The Garbage State’s legislators must know when laws smell awful. Otherwise, New Jersey officials wouldn’t have approved a measure last week that will boost the state’s minimum wage from the measly, federally mandated $5.15 an hour to a more reasonable $7.15 an hour over the next two years.
Thankfully, they supported the bill, though here in the Commonwealth, and across most of the country, similar proposals have been repeatedly denied, forcing many in the workforce to earn wages that have not kept up with the rise of inflation over the past decade.
Our neighbor’s representatives, including Acting Gov. Richard Codey, who supported the act, understand the necessity of boosting the wage in order provide the working poor – college students, anyone? – with enough income to pay for skyrocketing real estate and insurance costs or equally ballooning utilities bills.
Opponents say the rate increase will immediately damage small businesses that can’t adjust to paying their workers higher salaries, claiming the law will spur massive layoffs or benefit cuts. But the increase is necessary, and will show businesses how difficult it is to manage small sums of money for myriad concerns.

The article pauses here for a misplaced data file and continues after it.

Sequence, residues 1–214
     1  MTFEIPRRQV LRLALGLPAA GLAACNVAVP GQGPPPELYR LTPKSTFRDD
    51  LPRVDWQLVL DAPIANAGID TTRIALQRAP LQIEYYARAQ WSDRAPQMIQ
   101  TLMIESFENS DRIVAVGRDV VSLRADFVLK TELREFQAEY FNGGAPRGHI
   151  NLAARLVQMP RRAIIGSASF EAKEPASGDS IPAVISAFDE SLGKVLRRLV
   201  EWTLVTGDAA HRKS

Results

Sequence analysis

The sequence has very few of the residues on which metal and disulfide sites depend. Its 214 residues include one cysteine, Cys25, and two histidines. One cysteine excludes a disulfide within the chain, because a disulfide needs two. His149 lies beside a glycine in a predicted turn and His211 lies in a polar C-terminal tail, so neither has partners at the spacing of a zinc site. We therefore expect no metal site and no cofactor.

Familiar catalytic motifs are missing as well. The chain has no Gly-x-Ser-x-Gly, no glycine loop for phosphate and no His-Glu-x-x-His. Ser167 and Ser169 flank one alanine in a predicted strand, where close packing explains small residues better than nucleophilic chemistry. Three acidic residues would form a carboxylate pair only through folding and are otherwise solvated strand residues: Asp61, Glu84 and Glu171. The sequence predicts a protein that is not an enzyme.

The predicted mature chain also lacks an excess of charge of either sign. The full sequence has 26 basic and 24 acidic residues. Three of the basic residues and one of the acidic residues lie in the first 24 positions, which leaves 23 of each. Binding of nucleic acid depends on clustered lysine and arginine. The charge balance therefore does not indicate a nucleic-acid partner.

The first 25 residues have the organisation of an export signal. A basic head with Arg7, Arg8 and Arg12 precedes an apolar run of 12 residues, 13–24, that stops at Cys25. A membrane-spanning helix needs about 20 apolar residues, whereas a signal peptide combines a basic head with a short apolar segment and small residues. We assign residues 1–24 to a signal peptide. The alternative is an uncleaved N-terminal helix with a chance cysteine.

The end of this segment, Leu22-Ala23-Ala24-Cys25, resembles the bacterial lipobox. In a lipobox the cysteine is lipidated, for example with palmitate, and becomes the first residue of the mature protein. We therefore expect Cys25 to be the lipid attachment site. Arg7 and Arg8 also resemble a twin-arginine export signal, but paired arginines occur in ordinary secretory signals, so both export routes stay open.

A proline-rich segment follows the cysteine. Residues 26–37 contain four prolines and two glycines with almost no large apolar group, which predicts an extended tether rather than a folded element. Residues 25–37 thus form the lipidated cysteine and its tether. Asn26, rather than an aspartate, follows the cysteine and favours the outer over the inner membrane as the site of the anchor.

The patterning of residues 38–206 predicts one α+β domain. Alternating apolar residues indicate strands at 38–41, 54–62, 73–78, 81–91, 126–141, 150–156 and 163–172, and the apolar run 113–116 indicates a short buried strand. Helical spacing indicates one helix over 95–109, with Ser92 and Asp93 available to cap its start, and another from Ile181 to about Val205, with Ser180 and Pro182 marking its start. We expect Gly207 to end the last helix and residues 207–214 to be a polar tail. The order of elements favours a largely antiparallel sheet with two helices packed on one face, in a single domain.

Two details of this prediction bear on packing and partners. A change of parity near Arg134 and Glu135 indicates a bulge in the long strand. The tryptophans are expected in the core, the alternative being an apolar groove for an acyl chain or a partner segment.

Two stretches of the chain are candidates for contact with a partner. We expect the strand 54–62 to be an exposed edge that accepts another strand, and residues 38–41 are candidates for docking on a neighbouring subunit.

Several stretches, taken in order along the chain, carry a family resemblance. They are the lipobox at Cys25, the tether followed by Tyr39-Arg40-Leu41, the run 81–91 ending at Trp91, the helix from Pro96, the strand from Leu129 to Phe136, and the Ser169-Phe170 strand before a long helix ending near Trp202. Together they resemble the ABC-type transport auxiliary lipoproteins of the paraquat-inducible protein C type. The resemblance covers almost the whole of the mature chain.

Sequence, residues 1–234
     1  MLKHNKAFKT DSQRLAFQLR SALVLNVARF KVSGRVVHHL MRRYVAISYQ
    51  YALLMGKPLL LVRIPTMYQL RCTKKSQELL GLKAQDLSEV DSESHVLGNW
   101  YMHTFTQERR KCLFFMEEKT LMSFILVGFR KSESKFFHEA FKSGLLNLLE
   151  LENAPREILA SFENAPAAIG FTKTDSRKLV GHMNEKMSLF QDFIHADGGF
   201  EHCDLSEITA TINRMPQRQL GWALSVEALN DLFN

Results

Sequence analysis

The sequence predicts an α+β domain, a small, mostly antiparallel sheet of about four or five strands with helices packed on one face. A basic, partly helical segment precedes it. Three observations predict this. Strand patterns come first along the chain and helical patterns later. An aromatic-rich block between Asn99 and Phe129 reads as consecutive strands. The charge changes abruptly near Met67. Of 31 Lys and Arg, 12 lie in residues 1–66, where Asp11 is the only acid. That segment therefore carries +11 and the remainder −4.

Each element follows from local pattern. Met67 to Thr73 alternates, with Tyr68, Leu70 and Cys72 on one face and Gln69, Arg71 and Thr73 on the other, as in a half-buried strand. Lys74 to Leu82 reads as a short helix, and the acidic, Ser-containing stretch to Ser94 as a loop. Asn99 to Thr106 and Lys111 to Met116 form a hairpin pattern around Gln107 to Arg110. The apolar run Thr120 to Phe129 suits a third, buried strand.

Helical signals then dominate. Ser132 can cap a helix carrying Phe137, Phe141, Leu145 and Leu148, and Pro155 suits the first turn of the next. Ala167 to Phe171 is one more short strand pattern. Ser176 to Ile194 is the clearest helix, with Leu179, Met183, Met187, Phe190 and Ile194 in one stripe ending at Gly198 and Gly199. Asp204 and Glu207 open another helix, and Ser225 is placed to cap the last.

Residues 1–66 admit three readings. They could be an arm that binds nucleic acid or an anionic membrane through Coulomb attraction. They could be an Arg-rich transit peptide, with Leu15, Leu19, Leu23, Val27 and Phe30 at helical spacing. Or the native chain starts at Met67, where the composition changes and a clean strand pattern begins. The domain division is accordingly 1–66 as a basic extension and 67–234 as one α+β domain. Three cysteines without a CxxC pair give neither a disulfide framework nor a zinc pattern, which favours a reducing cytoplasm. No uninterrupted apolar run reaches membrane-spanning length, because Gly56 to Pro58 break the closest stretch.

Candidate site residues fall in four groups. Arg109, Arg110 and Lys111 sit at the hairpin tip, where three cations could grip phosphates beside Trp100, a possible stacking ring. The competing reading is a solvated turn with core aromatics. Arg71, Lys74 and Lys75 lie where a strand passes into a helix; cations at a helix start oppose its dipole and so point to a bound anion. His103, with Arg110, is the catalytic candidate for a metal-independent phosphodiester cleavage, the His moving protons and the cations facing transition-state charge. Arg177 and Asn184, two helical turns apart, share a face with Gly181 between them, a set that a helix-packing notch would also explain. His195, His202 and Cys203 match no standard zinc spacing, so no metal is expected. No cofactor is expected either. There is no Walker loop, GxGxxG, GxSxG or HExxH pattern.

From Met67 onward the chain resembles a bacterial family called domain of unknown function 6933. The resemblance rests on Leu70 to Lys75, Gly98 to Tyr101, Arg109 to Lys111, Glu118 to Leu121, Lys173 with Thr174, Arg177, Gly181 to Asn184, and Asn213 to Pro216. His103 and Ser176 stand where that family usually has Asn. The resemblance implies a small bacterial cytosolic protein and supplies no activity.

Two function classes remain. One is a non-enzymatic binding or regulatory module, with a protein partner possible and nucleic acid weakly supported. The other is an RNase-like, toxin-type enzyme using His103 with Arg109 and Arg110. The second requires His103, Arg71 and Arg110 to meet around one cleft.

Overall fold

Though some may be adversely affected by the increase, overall the law will have substantial long-term benefits and it will force companies to realize that they cannot legally continue doling out paychecks that are severely incompatible to the costs of current living standards.
To put discrepancies in pay versus expenses in perspective, Michael Panter (D-NJ) said it would take a person earning a minimum wage 153 hours to afford a moderately priced two-bedroom apartment. For those too far removed from Math 55, that’s 113 hours of overtime.
“It’s hypocritical to require our fellow residents to live at a wage we will not,” Panter said in a recent Philadelphia Inquirer article, showing economic practicality that is hard to find in many states.
New Jersey’s new law, along with 13 other states that have raised the minimum wage, will hopefully act as a catalyst for Pennsylvania Gov. Ed Rendell to include a similar proposal into his cache of pending legislation sometime in the near future.
Come fall, when the law is likely to take effect, it seems New Jersey will begin to look less like the armpit of America and more like the country’s brain.